Friday, September 20, 2013


No one will ever find a fellowship where everyone agrees on the non- essentials doctrinally, meaning those things unessential for salvation. There are some foundational/core beliefs that any local fellowship would need to agree upon, obviously. Things such as the nature of the scriptures, the nature of Christ, the character of God and a few others. But there are many things, called lesser doctrines, for the above mentioned reason, about which they would have to agree to disagree agreeably to maintain real fellowship. Is that even possible? How do you live together in church life with those lesser differences of beliefs since we all know some churches and people make issues over any difference?

I love finding people who do it. I'm posting some information I've discovered about a Church that has, I believe, produced a great example of how to do it. I've deleted any chance of identifying the Church so there will be no bias because of denomination or lack thereof.

I'll begin by showing you what they call their "Policy On Controversial Issues." It simply states......

"The people who make up__________ Church have various theological perspectives and diverse backgrounds. As ________ (our Senior Pastor) says, “We agree on enough to get the job done.” That's our policy. We do not exclude anyone on the basis of a different view on baptism, gifts of the spirit, predestination vs. freewill, or any other matter of honest theological disagreement among members of the Church. The people of___________Church are not connected because we all dot our i's and cross our t's the same theologically, but because we align ourselves with a common vision and mission as Jesus’ disciples in the city of________."

[Paul speaking]...Neat huh!! The question is, how do they pull this off? I've decided to post only one of several statements they have adopted about controversial issues that can often divide friendships if not congregations. It is a statement about the differing views of marriage generally called complementarianism and egalitarianism. Their policy says.......

"What are the appropriate roles of husband and wife in a Christian marriage? We affirm that biblical paradigm of a God-centered, agape-oriented covenant marriage relationship. We also recognize the disagreement among evangelical Christians regarding the nature of gender roles within marriage. Some believe the Bible teaches a timeless principle of male headship, where headship is defined as the model of servant-leadership exemplified by Jesus Christ. Others believe that the idea of male headship expressed in Scripture is a culturally-conditioned teaching, and that the ideal model of marriage is that of mutual submission and leadership by gifting, within an egalitarian relationship. We believe that, when guided by the principles of agape-love and servant-leadership, either model of gender roles in marriage can serve to foster God-glorifying covenant-marriages."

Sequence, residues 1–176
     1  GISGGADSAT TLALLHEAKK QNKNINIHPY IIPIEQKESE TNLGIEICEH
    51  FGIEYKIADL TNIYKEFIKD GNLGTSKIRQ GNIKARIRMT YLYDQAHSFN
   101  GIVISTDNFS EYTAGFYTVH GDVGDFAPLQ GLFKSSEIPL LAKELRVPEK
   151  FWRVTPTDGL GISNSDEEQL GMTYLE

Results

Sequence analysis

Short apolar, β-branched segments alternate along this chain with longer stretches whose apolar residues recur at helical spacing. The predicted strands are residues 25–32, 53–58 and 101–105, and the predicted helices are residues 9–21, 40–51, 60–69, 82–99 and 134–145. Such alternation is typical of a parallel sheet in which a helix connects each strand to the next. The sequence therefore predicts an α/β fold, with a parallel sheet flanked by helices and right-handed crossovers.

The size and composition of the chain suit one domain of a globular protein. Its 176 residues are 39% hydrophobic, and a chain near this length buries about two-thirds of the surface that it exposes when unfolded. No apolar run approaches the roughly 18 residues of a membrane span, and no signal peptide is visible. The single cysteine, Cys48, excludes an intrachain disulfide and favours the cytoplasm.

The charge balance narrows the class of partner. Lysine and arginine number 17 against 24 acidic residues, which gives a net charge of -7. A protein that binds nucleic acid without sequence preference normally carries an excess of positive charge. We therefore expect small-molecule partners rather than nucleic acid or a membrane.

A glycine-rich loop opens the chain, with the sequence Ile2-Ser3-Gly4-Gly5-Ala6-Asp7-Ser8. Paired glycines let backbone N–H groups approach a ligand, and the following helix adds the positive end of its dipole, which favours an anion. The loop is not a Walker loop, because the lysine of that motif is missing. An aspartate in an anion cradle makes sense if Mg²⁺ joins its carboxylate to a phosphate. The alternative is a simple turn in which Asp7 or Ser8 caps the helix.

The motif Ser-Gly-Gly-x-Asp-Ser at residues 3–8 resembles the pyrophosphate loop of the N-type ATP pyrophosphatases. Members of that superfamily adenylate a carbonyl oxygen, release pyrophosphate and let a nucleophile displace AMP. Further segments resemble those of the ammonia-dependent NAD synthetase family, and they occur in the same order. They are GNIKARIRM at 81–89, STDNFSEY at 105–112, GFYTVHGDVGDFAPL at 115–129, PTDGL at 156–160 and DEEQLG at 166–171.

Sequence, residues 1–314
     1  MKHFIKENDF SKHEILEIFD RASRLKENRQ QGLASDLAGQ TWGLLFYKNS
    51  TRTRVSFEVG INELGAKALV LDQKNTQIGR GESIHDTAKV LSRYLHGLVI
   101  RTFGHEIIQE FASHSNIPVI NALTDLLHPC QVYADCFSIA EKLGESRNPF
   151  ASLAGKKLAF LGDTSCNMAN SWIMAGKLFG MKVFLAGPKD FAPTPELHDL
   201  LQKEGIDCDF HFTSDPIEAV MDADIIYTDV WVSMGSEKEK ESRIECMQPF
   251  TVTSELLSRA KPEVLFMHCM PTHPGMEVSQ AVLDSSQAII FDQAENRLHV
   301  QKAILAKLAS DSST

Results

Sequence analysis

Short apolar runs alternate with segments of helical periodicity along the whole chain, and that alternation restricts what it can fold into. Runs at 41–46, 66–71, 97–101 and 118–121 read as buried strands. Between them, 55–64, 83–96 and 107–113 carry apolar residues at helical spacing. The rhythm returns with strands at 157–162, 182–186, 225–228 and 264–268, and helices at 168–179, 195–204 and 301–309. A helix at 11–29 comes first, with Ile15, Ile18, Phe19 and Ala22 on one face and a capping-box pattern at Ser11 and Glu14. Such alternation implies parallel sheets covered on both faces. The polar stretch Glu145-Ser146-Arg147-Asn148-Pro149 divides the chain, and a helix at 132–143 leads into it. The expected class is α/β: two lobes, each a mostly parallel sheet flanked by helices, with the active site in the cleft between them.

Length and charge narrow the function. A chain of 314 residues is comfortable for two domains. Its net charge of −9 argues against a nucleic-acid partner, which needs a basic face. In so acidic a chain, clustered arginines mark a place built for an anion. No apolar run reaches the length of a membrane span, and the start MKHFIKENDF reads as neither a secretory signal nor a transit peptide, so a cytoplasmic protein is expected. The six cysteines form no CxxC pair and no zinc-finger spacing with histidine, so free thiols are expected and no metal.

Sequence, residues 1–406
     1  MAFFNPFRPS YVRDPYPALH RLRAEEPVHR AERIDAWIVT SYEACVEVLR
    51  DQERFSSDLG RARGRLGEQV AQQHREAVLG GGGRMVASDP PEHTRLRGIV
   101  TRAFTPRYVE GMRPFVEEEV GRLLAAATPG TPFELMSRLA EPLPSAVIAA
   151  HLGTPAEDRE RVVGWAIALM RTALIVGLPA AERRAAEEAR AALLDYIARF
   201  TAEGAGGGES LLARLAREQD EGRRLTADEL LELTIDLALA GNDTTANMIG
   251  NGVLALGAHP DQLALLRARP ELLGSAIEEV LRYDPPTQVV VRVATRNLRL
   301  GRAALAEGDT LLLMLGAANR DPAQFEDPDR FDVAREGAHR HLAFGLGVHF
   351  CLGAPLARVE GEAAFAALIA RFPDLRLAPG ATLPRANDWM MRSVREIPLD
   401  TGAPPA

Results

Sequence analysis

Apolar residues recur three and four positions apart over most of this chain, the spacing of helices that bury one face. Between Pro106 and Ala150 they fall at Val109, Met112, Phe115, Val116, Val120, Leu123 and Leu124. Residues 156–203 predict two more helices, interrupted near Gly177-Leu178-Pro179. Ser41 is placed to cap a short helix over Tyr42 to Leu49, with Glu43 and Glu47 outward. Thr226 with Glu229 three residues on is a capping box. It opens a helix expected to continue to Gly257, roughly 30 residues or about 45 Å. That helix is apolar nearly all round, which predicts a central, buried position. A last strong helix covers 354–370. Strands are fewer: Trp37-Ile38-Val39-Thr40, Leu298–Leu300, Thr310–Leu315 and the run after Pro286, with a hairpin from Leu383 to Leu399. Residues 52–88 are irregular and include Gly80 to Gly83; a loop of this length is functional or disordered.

"To that end, we offer the following biblical challenge and encouragement."

(1) "To those couples who follow the model of male headship: Husbands strive to avoid both self-centered control and worldly authoritarianism, and seek to exemplify the self-sacrificial servant-leadership demonstrated by our Lord Jesus Christ toward his bride, the church. Wives, strive to avoid both selfish independence or passive apathy in the marriage, and seek to exemplify the active, passionate submission that characterizes the church's love for its eternal groom, Jesus Christ."

(2) "To those couples who follow the egalitarian model: Strive to avoid a marriage characterized by indecision, and seek to lead and/or follow in the various areas of your marriage as God has gifted each of you. In all things, exemplify a heart-attitude of submission toward each other, after the pattern of self-sacrificial servanthood demonstrated by our Lord Jesus Christ toward our heavenly Father."

[Paul again] Well what do you know!!. Here are some Christians who have banded together in fellowship around a person, the Lord Jesus, and the sharing of His message, instead of a set of rules or set positions on every imaginable difference of opinion theologically. Maybe koinonia IS possible in the twenty-first century Church made up of people who differ some even theologically. Just maybe! I hope so!

Paul B.


The Blog bites better than the Bullet. said...

That is AWESOME. :0)

Paul Burleson said...

BB than B,

I think so too. Good to hear from you again.

arianna said...

Hi, I'm Arianna Faith Catholic Christian, I write from Italy (Tuscany) helped by the translator because I do not know English well.

It 'a short time I follow this blog, and I must say that I really like. Mr. Lei Burleson (Burleson or father) speak very well at the heart of its fedeli.E 'a pleasure to read!

As for the couple's life, our parish priest, Father Joseph teaches us that we must help each other, we need to show love every day in small gestures. Why are the concerns of every day which can stave off two people who amano.Solo with understanding, mutual respect and patience it is possible to overcome the difficulties that life will put us in front.

I hope that the translator does not change the meaning of my parole.Per this will also send the text in Italian.

I greet you with affection and esteem,


----------------------testo italiano

Salve,sono Arianna di Fede cattolica Cristiana,scrivo dall'Italia ( toscana) aiutata dal traduttore perchè non conosco bene la lingua inglese.

E' poco tempo che seguo questo blog,e devo dire che mi piace molto. Lei signor Burleson ( o padre Burleson ) sa parlare molto bene al cuore dei suoi fedeli.E' un piacere leggerla!